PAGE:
Circles to make a route...

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Circles to make a route...

Jason Slagle
I'm trying to calculate the proper locations of circles along a route to
maintain at least X distance between them where they intersect.  Anyone here
know the generic formula?  Going to use it hopefully to calculate the required
placement of pocket queries to do a "x miles from route" query.

Would such a function be useful as a filter?

Jason

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Re: Circles to make a route...

Ron Parker-2
At 03:51 PM 7/18/2005, Jason Slagle wrote:
>I'm trying to calculate the proper locations of circles along a route to
>maintain at least X distance between them where they intersect.  Anyone
>here know the generic formula?

Do you mean you want to compute circles such that the distance between
centers is maximized while keeping the minimum distance from route to
intersection (zero, one, or two such intersections) above a given number?

If there is a generic formula, it's going to be rather ugly.

>Would such a function be useful as a filter?

I think I'd find a use for it if it were sufficiently configurable.



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Re: Circles to make a route...

Jason Slagle
On Mon, 18 Jul 2005, Ron Parker wrote:

> Do you mean you want to compute circles such that the distance between
> centers is maximized while keeping the minimum distance from route to
> intersection (zero, one, or two such intersections) above a given number?

That would be it.  I figure it's going to be ugly, but you have some
hints I think.

> If there is a generic formula, it's going to be rather ugly.

Yeah.  Moving along a single line (Just along x) isn't bad, but when you
throw y in there too, you get all goofy.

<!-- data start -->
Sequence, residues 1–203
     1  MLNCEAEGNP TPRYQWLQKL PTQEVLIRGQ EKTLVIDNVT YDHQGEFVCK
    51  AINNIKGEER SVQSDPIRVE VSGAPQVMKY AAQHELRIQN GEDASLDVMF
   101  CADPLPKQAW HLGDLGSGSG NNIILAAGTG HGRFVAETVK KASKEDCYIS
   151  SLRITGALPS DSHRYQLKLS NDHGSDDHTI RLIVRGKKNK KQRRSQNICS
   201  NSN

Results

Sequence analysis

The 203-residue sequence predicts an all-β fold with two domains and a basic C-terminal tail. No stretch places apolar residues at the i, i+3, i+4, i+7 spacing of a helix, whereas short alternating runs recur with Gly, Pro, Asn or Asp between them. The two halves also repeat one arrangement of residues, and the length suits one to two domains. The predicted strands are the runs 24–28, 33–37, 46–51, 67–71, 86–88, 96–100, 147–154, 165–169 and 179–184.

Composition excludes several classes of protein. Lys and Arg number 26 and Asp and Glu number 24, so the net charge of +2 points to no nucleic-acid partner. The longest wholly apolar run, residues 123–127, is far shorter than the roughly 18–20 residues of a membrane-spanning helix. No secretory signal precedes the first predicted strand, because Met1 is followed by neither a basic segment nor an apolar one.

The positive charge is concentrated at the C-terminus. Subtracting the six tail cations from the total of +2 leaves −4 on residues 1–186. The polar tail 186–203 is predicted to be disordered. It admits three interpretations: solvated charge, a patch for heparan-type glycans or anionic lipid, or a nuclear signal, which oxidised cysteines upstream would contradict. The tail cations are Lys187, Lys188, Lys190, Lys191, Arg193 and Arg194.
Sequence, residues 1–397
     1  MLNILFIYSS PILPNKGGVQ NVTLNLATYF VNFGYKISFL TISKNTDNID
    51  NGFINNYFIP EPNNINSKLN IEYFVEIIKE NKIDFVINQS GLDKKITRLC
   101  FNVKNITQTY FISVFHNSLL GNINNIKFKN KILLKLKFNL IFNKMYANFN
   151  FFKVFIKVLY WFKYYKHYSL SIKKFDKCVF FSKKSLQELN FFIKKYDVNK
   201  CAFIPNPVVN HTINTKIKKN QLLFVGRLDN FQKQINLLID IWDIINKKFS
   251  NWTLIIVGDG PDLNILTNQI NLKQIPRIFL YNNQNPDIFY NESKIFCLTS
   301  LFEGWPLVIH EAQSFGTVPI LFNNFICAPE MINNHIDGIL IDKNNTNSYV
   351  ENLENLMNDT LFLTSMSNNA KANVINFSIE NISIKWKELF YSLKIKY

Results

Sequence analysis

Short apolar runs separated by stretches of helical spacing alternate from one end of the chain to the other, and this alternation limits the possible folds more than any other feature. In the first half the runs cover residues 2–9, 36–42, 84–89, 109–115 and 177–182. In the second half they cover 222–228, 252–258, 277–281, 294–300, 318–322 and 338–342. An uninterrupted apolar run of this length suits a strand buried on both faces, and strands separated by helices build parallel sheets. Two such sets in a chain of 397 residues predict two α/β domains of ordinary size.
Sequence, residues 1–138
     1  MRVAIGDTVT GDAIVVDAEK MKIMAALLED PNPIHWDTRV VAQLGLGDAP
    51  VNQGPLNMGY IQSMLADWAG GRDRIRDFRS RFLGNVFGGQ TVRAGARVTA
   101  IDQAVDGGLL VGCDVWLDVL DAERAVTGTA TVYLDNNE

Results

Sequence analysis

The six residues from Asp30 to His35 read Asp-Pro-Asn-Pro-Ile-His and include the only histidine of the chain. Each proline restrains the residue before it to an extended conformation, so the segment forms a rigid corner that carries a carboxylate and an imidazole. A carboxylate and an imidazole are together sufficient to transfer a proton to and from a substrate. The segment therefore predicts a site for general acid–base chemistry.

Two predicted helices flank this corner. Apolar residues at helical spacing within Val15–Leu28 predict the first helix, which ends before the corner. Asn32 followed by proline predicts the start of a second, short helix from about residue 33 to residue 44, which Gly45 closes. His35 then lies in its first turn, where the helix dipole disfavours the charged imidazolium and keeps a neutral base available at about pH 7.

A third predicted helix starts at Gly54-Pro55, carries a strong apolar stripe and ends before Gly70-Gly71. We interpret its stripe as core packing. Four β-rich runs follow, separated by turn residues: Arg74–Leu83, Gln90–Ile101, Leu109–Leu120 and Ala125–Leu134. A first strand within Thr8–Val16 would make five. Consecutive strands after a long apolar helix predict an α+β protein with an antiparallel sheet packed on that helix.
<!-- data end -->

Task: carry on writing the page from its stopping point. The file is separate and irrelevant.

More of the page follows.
> I think I'd find a use for it if it were sufficiently configurable.

It would have to be.

My idea is a way to take google route, generate locations for suitable
pocket queries, create them, and process the results.  I can do everything
but calculate the suitable pocket query locations as it stands now.

Jason

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Re: Circles to make a route...

Ron Parker-2
At 04:06 PM 7/18/2005, Jason Slagle wrote:
>On Mon, 18 Jul 2005, Ron Parker wrote:
>
>>Do you mean you want to compute circles such that the distance between
>>centers is maximized while keeping the minimum distance from route to
>>intersection (zero, one, or two such intersections) above a given number?
>
>That would be it.  I figure it's going to be ugly, but you have some hints
>I think.

Possibly.  I don't have anything off the top of my head, but I'll see if I
can dredge up my previous work on the same problem.

>Yeah.  Moving along a single line (Just along x) isn't bad, but when you
>throw y in there too, you get all goofy.

With appropriate coordinate transformations, a single line is not a problem
in any case.  It's the case where the center of the new circle isn't moving
along the line that joins it to the center of the first circle, which will
happen quite frequently in the case under discussion.  In addition, you're